HOUSTON - Many homeowners are shell shocked across Texas after property tax assessments soared in many places this year. They say they can't afford the rising taxes and the system needs to change.
Homeowners are sounding off on social media and to their elected officials. Some residents in Galveston County say their assessments are so high, they may have to sell their homes.
"We have several renters who have not been able to pay rent for months, at least a year," said property owner Linda Denson of what's already been a tough year.
Linda and Richard Denson say appraisals shot up on the more than 60 units they rent out.
"Our appraisals have gone up an average of 88% this year. And it’s impossible to budget your expenses when you have those kinds of increases in your taxes," said Richard Denson, who also serves as President of the Galveston County Apartment Association.
Susan Lester says the assessment for her League City home went up 45%.
"I feel like it's way out of whack, especially when I live in a home that was built back in 1960 and the appraisal office can't show me comparable homes in the area," she said.
Lester says she has to protest the assessment every year.
"So it's like, 'Do I keep showing you the same pictures, because it still floods?'" said Lester.
We asked Galveston County Tax Assessor Cheryl Johnson why property value assessments are so high this year.
"Values are up because sales are up. Amazingy, despite COVID, there's been a really robust real estate market and a small supply of homes for sale," Johnson explained.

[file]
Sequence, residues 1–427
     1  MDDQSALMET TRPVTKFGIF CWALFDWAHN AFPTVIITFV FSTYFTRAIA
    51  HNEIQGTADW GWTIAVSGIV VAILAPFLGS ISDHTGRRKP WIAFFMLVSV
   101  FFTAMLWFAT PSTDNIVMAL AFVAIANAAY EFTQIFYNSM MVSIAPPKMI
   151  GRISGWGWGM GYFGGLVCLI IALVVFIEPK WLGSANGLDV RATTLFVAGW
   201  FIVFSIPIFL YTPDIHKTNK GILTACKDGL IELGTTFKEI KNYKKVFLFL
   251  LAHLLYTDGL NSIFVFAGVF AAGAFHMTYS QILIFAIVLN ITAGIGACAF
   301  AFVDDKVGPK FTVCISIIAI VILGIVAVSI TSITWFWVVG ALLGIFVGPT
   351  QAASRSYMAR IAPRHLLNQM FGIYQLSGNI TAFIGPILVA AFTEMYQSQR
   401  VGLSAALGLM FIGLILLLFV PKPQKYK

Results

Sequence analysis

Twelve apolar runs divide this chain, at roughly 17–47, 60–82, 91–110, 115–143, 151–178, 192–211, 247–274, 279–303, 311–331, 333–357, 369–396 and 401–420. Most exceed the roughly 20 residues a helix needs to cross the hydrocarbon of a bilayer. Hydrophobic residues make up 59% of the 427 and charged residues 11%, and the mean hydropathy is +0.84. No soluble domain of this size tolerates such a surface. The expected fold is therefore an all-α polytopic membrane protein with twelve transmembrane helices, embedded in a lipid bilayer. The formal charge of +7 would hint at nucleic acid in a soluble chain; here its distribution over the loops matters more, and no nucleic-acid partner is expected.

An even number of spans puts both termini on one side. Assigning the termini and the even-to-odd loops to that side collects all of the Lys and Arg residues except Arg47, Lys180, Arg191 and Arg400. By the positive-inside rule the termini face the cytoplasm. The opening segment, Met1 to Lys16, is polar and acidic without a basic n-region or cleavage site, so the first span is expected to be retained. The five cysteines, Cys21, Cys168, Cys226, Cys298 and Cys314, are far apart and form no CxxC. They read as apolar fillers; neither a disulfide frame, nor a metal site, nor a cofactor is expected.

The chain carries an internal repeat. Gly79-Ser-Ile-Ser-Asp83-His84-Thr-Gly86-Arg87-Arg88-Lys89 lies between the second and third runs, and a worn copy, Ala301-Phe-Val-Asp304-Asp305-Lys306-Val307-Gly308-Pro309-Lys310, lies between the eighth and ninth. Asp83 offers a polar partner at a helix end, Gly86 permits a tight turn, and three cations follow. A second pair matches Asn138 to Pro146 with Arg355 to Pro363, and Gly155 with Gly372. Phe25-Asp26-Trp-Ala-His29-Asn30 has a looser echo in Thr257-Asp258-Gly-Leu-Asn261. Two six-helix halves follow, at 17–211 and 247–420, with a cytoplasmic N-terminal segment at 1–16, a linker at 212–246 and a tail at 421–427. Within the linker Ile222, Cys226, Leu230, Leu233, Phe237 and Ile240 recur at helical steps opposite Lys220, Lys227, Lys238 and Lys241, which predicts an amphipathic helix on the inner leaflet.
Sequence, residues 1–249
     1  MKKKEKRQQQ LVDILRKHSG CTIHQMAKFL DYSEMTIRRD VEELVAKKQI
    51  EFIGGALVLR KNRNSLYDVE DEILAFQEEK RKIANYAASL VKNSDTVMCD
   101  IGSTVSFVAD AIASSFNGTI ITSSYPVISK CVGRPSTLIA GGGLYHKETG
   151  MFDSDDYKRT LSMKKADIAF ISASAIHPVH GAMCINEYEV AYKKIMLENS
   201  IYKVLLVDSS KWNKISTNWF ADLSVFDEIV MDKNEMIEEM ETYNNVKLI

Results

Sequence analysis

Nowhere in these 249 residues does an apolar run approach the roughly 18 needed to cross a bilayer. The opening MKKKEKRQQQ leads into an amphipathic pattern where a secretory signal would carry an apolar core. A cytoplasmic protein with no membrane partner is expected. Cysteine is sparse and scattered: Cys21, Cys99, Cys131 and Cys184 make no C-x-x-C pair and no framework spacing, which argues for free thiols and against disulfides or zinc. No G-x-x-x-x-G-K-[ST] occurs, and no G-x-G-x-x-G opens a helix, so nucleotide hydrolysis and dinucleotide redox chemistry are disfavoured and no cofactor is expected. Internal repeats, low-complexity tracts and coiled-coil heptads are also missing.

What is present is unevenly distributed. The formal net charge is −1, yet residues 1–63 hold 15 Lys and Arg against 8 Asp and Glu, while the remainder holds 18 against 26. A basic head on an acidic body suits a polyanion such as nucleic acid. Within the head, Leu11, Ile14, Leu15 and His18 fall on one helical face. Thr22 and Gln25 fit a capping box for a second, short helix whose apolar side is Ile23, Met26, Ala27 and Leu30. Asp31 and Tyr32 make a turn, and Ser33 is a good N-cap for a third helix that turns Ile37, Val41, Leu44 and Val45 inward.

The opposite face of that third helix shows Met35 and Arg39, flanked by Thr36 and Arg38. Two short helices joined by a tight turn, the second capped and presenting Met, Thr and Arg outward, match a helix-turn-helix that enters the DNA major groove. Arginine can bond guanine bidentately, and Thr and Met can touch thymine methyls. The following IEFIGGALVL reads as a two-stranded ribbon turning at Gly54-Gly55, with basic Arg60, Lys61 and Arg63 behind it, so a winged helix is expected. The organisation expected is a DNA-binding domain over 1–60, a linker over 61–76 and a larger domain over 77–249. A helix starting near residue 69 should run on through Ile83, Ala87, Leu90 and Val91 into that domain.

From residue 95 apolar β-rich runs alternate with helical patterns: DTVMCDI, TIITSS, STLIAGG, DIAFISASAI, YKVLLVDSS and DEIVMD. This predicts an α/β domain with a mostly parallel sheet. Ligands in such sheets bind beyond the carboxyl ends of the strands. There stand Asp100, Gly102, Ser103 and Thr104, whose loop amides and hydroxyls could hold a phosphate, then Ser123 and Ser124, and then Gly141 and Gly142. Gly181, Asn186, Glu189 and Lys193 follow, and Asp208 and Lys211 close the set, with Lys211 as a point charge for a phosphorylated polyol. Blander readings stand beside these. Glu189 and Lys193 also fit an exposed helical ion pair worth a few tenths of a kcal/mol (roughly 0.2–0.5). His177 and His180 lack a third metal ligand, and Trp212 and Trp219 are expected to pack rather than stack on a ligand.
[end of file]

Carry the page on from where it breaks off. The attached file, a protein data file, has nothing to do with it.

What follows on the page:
Johnson says about 95% of owners who protest their assessments are successful in getting them reduced. She says the key is to show that your property is lower in value than ones nearby that just sold.
"These are the maintenance things I have to do, so that would be depreciation. And another list, these are the upgrades I'd have to do in order to compete in the market," said Johnson.
State Representative Mayes Middleton (R - Galveston) is working to pass two bills, one to freeze property values, the other to remove pressure to raise them.
"When your local appraisal district falls outside the tolerance for error, right now that's 5%, they're forced to raise your values. So I have a bill right now that's moving through the legislature that would increase that tolerance for error," explained Middleton.
Homeowners can also file for a homestead exemption to lower their property value assessment by up to $25,000.
The Galveston County Tax Assessor offers classes on how to successfully protest a property tax assessment as well as this tutorial video.